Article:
Types of chestnuts that can be found on the island

There are several varieties of chestnuts here in Corsica.

The ‘Rudulacciu’ is very fruitful, giving three chestnuts by chestnut bur – the fruit literally bends the branches of the trees during the autumn season.
The ‘Vicu’ can be easily recognised by its fruit; they fall with their chestnut burs and remain conserved for a long time.
As for the ‘Poarupa’, it only gives two chestnuts by chestnut bur, but they are quite beautiful. We cannot really name all of the varieties, as there are many, but, we must mention the ‘king of chestnuts’ – the ‘Zerubia’ – of a wondrous size, giving two chestnuts by chestnut bur and highly recommended for drying.

The most common varieties are the following:
‘L’Insitina’ of medium size and good quality, also known as ‘Orezzinca’ or ‘Campanese’.
The ‘Pitrina’ or ...

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Speloncato in the Balagne area has several particularities, and worth learning more about.

Built around 570m above sea level, and situated up north of the island in Balagne, overlooking the Reginu Valley and also the Balagne coastline. It’s about thirty minutes from Île Rousse also belonging to crystalline Corsica, due to the granite rocks.

In 1621, the Capucins built the Speloncato Convent out of stone and lime, which could be found not far from the cemetery. It fell into ruins, and since then has been transformed into dwellings. It used to be famous for the Carignelli waters, which were known to cure kidney stones. One of the springs also supplied water to the convent.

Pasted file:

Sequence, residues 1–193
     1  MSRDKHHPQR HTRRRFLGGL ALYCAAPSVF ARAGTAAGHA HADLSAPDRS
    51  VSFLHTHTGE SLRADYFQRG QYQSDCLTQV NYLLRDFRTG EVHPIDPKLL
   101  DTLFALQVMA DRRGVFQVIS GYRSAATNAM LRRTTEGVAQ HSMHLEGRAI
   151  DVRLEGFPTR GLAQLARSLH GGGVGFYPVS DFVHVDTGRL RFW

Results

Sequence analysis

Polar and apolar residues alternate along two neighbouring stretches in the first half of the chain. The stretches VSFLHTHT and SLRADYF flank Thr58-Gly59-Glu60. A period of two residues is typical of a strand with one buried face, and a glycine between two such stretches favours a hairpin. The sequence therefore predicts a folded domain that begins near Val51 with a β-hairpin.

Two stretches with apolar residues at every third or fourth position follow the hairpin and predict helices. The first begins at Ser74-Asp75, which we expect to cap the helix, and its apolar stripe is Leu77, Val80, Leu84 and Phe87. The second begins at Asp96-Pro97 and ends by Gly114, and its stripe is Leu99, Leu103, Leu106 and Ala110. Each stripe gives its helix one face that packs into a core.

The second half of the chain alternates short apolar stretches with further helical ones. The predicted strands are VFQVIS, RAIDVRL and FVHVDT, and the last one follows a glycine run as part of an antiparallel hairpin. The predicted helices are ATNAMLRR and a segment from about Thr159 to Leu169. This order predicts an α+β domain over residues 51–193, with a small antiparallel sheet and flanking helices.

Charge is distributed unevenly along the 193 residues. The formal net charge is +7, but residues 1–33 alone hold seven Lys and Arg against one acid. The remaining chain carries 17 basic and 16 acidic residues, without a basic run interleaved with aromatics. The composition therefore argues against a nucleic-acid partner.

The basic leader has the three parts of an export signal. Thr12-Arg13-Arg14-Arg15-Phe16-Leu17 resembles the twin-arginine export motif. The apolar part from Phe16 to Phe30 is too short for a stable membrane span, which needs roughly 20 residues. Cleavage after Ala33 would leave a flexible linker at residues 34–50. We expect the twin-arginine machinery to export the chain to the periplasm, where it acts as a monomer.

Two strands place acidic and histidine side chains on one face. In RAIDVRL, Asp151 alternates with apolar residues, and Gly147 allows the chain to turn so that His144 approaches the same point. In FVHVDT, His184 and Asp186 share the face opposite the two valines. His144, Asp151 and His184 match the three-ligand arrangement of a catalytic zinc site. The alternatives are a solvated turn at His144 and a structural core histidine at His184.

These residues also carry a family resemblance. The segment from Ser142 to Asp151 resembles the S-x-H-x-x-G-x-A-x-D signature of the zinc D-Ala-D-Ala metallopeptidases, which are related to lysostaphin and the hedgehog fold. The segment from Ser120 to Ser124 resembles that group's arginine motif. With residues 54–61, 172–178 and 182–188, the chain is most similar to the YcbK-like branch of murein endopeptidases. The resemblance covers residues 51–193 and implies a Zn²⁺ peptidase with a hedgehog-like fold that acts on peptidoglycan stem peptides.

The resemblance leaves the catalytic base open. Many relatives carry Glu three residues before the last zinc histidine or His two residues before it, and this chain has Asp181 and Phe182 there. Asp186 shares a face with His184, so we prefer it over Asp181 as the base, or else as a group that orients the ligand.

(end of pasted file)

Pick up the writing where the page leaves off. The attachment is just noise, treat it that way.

The Santa Catalina church from the XI century stands in the middle of the village square, in front of the village fountain dating back to 1879...

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Let’s take a closer look at our legendary wild boar: U Cignale

Here’s another emblematic figure from the Island of Beauty, immortalised a few years ago in ‘Astérix in Corsica’.
The legendary wild boar is a powerful and robust cousin of the pig. His coat is dark, and his legs are short – he is stocky, and has a low rump.
The male is equipped with two short defences, which prove to be extremely impressive during fights, or over the mating season from November to December.

The wild boar feeds on acorns, chestnuts, roots, fruit and truffles, that he unearths; using his snout to plough the ground – this also gives that strong, authentic taste to his meat.

Hunting wild boar in Corsica is a true institution...

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A few words on: Totila, King of the Goths in Corsica

Totila was a Ostrogoth prince elected king in 541, replacing Vitigès.
In 551, he armed a fleet which was put under the direction of Indulf, a Byzantine deserter, and seized Corsica.
The Corsicans, who had been offended by the rapacity and corruption of the Greek imperialists, joyfully received the Totila’s Goths.
For Justinien, this was just too much.
He sent his General Narsès to Italy with an army composed largely of potential mercenaries ‘barbarians’ – Huns, Lombards, Gepids and Herules.

A decisive battle took place near Pavie, in 552

It’s was a painful defeat for the Ostrogoths and Totila was mortally wounded after the battle by a young Gepid, named Asbad.
For another three years they continued to resist, under the command of a new leader Teja...

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Recipe Suggestion: Brocciu, Pear and Almond Tart – a winning trio

Brocciu, pear and almond tart                                            

Ingredients:                                                                                               

Pastry:                                                                                     
– 250g flour
– 150g almond powder
– 1 packet of baking powder
– 100g sugar
– 5cl olive oil
– 1 egg
– 2cl milk

For the filling:
– 5 pears
– 1/2 lemon juice
– 3cl eau de vie
– 20g sugar

For the cream:
– 300g brocciu
– 100g honey
– 2 eggs
– 1 grated lemon peel
– 150g flaked almonds

Method:

Mix flour, sugar and almond powder. In the centre, add olive oil and egg, and leave aside for around 20m.
Prepare the pears. Peel, rub with lemon and cut into quarters – sprinkle with the eau de vie and sugar.
Now, for the cream...

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